NetApp’s latest earnings report told a familiar story.
NetApp Wednesday night said its revenue last quarter – although higher than expected – continued to decline with the vendor’s most established products taking the biggest hits. Its newer flash, cloud and software-defined software products are on the upswing but not nearly enough to keep overall sales up.
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These same trends have been hitting NetApp and other large storage vendors for more than a year, and led to EMC’s getting swallowed whole by Dell. They contributed to NetApp switching CEOs from Tom Georgens to George Kurian in June without much change in result. And the trends will almost certainly continue for the foreseeable future.
NetApp’s revenue of $1.45 billion last quarter declined 6.3 percent from last year, and product revenue fell 12% to $819 million. For this quarter, NetApp expects revenue of $1.4 billion and $1.5 billion, or roughly a seven percent decrease from last year.
“Parts of our business are working well, some parts need improvement and other parts we must manage through declines,” Kurian said on the earnings call. “The IT spending environment continues to be constrained and the expectation for growth for the overall storage market has decreased to low single-digits.”
The parts that are working well, he said, are scale-out, software-defined, flash, converged and hybrid cloud storage. Those areas are growing about 20% a year while the traditional standalone hybrid storage market declines approximately nine percent, he said.
For NetApp, that means its Clustered Data OnTap (CDOT) operating system, hybrid cloud software, and all-flash arrays are growing while its traditional FAS with Data OnTap 7-Mode and its OEM products decline.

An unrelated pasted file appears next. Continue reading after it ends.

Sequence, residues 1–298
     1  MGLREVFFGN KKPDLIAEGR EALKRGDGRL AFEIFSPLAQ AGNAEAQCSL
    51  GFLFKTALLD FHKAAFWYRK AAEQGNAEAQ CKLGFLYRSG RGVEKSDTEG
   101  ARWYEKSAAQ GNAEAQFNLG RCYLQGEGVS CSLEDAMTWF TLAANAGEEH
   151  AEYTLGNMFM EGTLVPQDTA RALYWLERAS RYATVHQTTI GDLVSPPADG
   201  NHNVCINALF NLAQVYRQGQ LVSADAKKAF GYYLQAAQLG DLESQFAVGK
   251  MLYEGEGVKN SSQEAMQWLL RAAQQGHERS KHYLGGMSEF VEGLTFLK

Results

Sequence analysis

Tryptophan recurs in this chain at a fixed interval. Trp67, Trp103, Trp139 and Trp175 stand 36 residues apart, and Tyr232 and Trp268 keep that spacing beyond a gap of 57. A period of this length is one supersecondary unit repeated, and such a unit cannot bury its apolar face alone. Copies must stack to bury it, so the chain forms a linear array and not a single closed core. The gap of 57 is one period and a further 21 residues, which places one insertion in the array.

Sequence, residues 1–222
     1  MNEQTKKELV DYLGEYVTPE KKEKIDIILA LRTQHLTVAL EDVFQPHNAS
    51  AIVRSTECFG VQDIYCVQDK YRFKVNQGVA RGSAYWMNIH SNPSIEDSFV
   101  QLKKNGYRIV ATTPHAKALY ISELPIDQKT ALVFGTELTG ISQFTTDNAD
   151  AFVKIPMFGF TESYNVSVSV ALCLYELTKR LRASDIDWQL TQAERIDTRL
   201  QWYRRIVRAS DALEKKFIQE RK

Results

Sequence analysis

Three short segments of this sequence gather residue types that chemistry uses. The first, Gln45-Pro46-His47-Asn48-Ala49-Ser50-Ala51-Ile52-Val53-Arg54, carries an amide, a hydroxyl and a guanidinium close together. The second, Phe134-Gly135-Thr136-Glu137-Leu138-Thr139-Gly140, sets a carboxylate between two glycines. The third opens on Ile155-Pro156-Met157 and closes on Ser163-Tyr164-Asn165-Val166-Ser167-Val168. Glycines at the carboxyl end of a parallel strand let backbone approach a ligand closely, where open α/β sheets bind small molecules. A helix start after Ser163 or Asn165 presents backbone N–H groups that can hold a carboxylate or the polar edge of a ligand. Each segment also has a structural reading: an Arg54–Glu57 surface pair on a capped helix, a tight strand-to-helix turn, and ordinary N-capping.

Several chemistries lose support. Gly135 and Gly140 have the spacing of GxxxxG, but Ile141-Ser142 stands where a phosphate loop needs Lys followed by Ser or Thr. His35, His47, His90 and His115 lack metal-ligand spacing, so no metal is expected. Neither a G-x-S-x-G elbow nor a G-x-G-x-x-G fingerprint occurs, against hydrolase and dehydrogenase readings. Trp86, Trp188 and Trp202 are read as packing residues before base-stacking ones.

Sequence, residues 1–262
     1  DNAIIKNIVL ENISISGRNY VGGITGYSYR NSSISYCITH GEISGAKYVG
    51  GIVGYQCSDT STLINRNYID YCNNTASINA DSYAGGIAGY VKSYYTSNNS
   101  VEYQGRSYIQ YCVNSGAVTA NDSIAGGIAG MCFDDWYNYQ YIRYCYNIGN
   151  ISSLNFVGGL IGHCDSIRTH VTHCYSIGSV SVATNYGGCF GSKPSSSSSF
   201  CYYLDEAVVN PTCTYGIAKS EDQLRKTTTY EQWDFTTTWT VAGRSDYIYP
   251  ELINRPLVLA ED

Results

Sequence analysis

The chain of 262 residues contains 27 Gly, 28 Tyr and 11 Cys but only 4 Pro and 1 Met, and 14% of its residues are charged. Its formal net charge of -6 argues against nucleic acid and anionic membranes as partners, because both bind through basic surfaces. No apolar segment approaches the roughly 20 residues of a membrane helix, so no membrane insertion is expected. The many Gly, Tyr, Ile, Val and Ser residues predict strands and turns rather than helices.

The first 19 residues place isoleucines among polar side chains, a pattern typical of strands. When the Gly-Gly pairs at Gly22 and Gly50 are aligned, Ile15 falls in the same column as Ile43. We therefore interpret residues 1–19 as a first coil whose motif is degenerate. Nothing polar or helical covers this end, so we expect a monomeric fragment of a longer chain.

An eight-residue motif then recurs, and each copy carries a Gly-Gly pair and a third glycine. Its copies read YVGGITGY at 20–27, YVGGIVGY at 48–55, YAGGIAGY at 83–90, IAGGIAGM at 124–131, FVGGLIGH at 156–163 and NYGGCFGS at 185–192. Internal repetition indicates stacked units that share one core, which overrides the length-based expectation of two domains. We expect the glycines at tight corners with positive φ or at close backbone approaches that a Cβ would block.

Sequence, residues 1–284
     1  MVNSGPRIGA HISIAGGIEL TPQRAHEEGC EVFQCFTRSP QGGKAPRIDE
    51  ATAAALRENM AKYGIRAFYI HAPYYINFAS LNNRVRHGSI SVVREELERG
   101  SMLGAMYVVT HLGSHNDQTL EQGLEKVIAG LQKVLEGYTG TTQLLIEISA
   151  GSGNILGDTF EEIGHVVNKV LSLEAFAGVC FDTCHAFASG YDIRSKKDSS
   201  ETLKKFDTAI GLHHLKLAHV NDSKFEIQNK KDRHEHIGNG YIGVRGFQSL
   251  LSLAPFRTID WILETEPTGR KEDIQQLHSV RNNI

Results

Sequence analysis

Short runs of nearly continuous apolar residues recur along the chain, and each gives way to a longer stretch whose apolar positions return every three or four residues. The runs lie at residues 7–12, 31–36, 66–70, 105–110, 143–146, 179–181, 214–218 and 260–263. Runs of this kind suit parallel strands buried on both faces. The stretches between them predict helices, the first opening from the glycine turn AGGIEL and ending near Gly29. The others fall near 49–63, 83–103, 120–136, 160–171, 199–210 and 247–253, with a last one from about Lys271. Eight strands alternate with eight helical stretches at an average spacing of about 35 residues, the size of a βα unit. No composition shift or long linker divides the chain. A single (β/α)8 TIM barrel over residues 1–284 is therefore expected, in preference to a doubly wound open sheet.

Kurian said 7-Mode OnTap shipped on about 30% of NetApp FAS arrays last quarter, down from around 65% a year ago. CDOT was on nearly 70% of new FAS systems shipped in the quarter, up from 35% last year. CDOT systems grew 95% year-over-year while 7-Mode shipments declined 60%. Still, CDOT overall made up only 17% of NetApp’s revenue compared to 15% in the previous quarter. That means 7-Mode customers are still not upgrading in large numbers.
NetApp’s All-Flash FAS array unit shipments increased 445% year-over-year following a price cut, controller upgrade program and seven-year extended warranty in June.
Kurian said Dell’s planned $67 billion acquisition of EMC is “clearly an opportunity” for NetApp because it will create confusion for customers and the channel. “The Dell-EMC transaction is yesterday’s solution to tomorrow’s customer problems,” he said. “It does not fundamentally address the hybrid cloud, it does fundamentally address the data management opportunity that customers are forced to deal with. It is really about trying to build efficiency in an integrated hardware business rather than the software-defined data center of the future.”
NetApp has $4.8 billion in cash, but Kurian didn’t sound enthusiastic about making acquisitions to bolster its product portfolio. When asked if he would consider that, he said NetApp’s strategy focused more on growing the emerging products it already has.